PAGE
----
In inflected languages, prepositions need not be separate words; their function can instead be performed by a system of inflections on nouns called case or declension. Many linguists consider prepositions and postpositions, like inflectional particles, to all mark case. Due to this functional similarity, there is a small amount of contention regarding the difference between a case marker and an adposition. Otto Jespersen contends that the difference is purely related to form: agglutinative languages have case markers, while isolating languages have adpositions. In The Philosophy of Language, he states that "[T]here is a fundamental incongruity between the Latin system where the case-distinctions are generally, though not always, expressed in form, and the English system where they are never thus expressed" (178; emphasis original). John Taylor, on the other hand, proposes a definition that restricts case markers to those particles with a nominal profile -- that is, the phrase marked by a case marker can serve as a noun, whereas a phrase marked by an adposition cannot. This article is about inflection in linguistics. ... In linguistics, declension is a feature of inflected languages: generally, the alteration of a noun to indicate its grammatical role. ... In linguistics, a marker is a free or bound morpheme that indicates the grammatical function of the marked word or sentence. ... Otto Jespersen is also the name of a famous Norwegian comedian. ... It has been suggested that Agglutination be merged into this article or section. ... An analytic language (or isolating language) is a language in which the vast majority of morphemes are free morphemes and considered to be full-fledged words. By contrast, in a synthetic language, a word is composed of agglutinated or fused morphemes that denote its syntactic meanings. ...


Notes

  1. Historically, English was in fact an inflected language, relying on cases as well as word order to convey grammatical information. Thus English had a much smaller number of prepositions in its lexicon. However, as Old English evolved into Middle English into Modern English, inflections were dropped in favor of word order, and many new prepositions were added. See: History of the English language; Declension in English.

This article is about inflection in linguistics. ... This is a list of cases as they are used by various inflectional languages that have declension. ... Word order, in linguistic typology, refers to the order in which words appear in sentences across different languages. ... A lexicon is usually a list of words together with additional word-specific information, i. ... Old English (also called Anglo-Saxon) is an early form of the English language that was spoken in parts of what is now England and southern Scotland between the mid-fifth century and the mid-twelfth century. ... Middle English is the name given by historical linguistics to the diverse forms of the English language spoken between the Norman invasion in 1066 and the mid-to-late 15th century, when the Chancery Standard, a form of London-based English, began to become widespread, a process aided by the... For the 80s pop band, see Modern English (band). ... This article deals with the history of the English language. ... The English language once had an extensive declension system similar to modern German or Icelandic. ...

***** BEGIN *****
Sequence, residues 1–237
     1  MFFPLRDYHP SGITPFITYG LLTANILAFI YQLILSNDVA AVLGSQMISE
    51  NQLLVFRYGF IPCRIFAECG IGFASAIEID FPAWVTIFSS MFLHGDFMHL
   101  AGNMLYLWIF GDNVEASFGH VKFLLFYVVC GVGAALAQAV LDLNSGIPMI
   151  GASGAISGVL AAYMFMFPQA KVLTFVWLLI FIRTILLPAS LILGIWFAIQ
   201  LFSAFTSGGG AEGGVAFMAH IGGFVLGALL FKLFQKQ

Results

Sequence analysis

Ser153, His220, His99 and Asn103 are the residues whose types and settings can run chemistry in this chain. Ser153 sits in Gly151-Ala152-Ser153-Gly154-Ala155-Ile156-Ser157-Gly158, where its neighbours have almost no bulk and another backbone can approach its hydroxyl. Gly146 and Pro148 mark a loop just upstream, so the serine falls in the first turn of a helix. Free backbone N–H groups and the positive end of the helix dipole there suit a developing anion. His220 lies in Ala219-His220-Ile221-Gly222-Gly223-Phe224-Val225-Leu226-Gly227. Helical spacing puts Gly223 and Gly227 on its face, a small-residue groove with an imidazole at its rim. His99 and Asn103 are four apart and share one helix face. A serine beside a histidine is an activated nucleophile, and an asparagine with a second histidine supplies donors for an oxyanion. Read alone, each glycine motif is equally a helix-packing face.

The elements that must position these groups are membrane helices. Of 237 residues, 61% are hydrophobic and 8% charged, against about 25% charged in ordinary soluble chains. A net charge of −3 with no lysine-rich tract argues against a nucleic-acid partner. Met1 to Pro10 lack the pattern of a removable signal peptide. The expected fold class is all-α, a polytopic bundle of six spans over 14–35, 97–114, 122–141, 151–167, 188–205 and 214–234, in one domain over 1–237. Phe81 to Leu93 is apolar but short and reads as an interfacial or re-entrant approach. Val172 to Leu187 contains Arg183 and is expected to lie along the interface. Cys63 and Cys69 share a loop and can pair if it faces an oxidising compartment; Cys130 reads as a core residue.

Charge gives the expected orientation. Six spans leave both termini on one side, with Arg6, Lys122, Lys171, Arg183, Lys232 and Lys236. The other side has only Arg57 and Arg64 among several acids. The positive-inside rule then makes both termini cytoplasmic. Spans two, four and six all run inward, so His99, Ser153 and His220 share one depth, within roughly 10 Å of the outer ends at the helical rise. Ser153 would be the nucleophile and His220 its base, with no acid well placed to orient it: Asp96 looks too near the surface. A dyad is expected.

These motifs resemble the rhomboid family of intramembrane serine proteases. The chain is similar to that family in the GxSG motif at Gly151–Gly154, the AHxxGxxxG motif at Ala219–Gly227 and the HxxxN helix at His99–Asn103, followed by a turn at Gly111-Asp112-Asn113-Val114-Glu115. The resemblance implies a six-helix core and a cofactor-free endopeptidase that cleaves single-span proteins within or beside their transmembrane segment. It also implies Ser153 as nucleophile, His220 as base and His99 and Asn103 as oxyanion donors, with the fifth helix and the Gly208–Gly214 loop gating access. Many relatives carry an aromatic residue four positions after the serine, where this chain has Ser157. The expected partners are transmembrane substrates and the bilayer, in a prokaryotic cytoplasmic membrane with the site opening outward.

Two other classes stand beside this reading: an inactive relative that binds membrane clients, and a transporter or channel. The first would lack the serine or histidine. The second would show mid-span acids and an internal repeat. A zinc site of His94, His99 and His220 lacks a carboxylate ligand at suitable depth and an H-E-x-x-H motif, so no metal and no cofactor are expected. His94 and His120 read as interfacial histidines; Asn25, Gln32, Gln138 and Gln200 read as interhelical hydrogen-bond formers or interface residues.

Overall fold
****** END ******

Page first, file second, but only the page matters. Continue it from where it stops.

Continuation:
See also

This is a list of English prepositions. ...

External Links

  • Learn English and Spanish prepositions. More grammar resources.

  Results from FactBites:
 
What is a Preposition? (286 words)
The word or phrase that the preposition introduces is called the object of the preposition.
Here, the preposition "throughout" introduces the noun phrase "the land." The prepositional phrase acts as an adverb describing the location of the rejoicing.
The preposition "along" introduces the noun phrase "the banister" and the prepositional phrase "along the banister" acts as an adverb, describing where the spider crawled.
Highbeam Encyclopedia - Search Results for preposition (629 words)
preposition in English, the part of speech embracing a small number of words used before nouns and pronouns to connect them to the preceding material, e.g., of, in, and about.
Prepositions are a class that is typical of the structure of Indo-European languages, but similar classes are found in some other
The parts of speech are noun, verb, adjective, adverb, interjection, preposition, conjunction, and pronoun.
  More results at FactBites »